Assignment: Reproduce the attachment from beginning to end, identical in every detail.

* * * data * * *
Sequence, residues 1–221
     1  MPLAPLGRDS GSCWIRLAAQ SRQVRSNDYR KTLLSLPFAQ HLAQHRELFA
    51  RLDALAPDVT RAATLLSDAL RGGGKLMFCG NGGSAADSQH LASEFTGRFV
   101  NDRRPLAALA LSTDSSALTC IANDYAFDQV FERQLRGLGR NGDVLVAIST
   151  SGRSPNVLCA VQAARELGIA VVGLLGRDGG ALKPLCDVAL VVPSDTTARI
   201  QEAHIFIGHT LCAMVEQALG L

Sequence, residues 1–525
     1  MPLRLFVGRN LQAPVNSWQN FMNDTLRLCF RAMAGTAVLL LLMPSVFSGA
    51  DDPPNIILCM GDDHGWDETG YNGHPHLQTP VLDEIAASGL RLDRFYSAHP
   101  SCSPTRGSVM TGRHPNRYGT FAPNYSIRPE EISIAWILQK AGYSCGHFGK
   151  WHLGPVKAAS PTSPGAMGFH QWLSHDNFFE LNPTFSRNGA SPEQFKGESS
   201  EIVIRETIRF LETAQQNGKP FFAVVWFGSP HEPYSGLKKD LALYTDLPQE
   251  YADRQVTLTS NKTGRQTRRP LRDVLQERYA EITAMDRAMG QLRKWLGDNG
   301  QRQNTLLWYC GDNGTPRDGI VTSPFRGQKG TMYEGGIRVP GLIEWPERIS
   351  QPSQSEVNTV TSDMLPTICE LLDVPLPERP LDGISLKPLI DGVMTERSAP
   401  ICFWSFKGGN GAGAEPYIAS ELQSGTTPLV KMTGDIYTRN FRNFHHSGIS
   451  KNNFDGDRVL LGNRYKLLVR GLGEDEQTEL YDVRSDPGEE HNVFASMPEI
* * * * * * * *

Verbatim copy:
Sequence, residues 1–221
     1  MPLAPLGRDS GSCWIRLAAQ SRQVRSNDYR KTLLSLPFAQ HLAQHRELFA
    51  RLDALAPDVT RAATLLSDAL RGGGKLMFCG NGGSAADSQH LASEFTGRFV
   101  NDRRPLAALA LSTDSSALTC IANDYAFDQV FERQLRGLGR NGDVLVAIST
   151  SGRSPNVLCA VQAARELGIA VVGLLGRDGG ALKPLCDVAL VVPSDTTARI
   201  QEAHIFIGHT LCAMVEQALG L

Sequence, residues 1–525
     1  MPLRLFVGRN LQAPVNSWQN FMNDTLRLCF RAMAGTAVLL LLMPSVFSGA
    51  DDPPNIILCM GDDHGWDETG YNGHPHLQTP VLDEIAASGL RLDRFYSAHP
   101  SCSPTRGSVM TGRHPNRYGT FAPNYSIRPE EISIAWILQK AGYSCGHFGK
   151  WHLGPVKAAS PTSPGAMGFH QWLSHDNFFE LNPTFSRNGA SPEQFKGESS
   201  EIVIRETIRF LETAQQNGKP FFAVVWFGSP HEPYSGLKKD LALYTDLPQE
   251  YADRQVTLTS NKTGRQTRRP LRDVLQERYA EITAMDRAMG QLRKWLGDNG
   301  QRQNTLLWYC GDNGTPRDGI VTSPFRGQKG TMYEGGIRVP GLIEWPERIS
   351  QPSQSEVNTV TSDMLPTICE LLDVPLPERP LDGISLKPLI DGVMTERSAP
   401  ICFWSFKGGN GAGAEPYIAS ELQSGTTPLV KMTGDIYTRN FRNFHHSGIS
   451  KNNFDGDRVL LGNRYKLLVR GLGEDEQTEL YDVRSDPGEE HNVFASMPEI